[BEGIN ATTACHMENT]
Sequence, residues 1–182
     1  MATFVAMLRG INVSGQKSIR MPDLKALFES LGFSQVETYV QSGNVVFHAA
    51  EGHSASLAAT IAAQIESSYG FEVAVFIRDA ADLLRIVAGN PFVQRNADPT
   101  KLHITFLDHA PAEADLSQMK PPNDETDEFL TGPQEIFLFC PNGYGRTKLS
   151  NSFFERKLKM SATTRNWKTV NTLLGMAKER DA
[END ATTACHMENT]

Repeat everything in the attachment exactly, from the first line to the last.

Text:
Sequence, residues 1–182
     1  MATFVAMLRG INVSGQKSIR MPDLKALFES LGFSQVETYV QSGNVVFHAA
    51  EGHSASLAAT IAAQIESSYG FEVAVFIRDA ADLLRIVAGN PFVQRNADPT
   101  KLHITFLDHA PAEADLSQMK PPNDETDEFL TGPQEIFLFC PNGYGRTKLS
   151  NSFFERKLKM SATTRNWKTV NTLLGMAKER DA